Although half of SMSFs believe they have strong or very strong knowledge about investments, a recent survey has shown a worrying lack of diversity in their portfolios. The new Intimate with Self-Managed Superannuation report has shown that cash and term deposits accounted for more than a third of SMSF investments last year, despite returns of just 4%. International equities returned 19.1% but accounted for only 6% of asset allocation on average.
Russell Investments CEO Asia Pacific Alan Schoenheimer said the concentrated allocations demonstrated a lack of diversification, and advisers played a pivotal role in educating SMSFs about different opportunities.
“Financial planners are well placed to educate trustees about the more recent adaptive asset allocation approaches employed by many funds – allowing them to readily adapt to changes in the investment environment and client circumstances,” said Schoenheimer.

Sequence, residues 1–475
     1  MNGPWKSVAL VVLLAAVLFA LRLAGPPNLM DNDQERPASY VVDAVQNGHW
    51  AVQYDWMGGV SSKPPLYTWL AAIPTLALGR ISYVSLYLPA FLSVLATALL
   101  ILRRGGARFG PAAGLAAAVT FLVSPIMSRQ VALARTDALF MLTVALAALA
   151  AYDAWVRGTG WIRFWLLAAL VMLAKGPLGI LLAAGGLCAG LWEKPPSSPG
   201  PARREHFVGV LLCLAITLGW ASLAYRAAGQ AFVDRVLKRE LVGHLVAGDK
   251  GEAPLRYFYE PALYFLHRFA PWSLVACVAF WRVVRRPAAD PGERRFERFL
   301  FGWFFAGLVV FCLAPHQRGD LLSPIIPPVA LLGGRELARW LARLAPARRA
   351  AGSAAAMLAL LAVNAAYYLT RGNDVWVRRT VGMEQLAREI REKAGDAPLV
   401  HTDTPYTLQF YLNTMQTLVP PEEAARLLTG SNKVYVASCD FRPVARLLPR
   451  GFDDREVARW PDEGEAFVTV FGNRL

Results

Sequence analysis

He suggested planners broaden their advice services, “to include competency in new adaptive investment opportunities and other direct asset classes to provide strategic guidance to SMSF trustees and bridge the gaps in knowledge”.
SPAA CEO Andrea Slattery encouraged planners to upgrade their skills and become specialist advisers in the SMSF sector to reap commercial opportunities highlighted by the research.
Key findings of the research showed:
SMSFs reduced holdings to Australian equities to 37.1% down from 43.5% in 2011
Cash and term deposits accounted for 33.9%, an increase from 25.6% in 2011
The majority (61.6%) of SMSFs relied on their own research to drive investment choices
Sixty-three percent of trustees said they were reasonably confident that were on track to achieving their retirement goals – 36.5% may fall short
SMSF trustees view traditional asset allocations as too inflexible
Do you see the rewards in becoming a specialised SMSF adviser?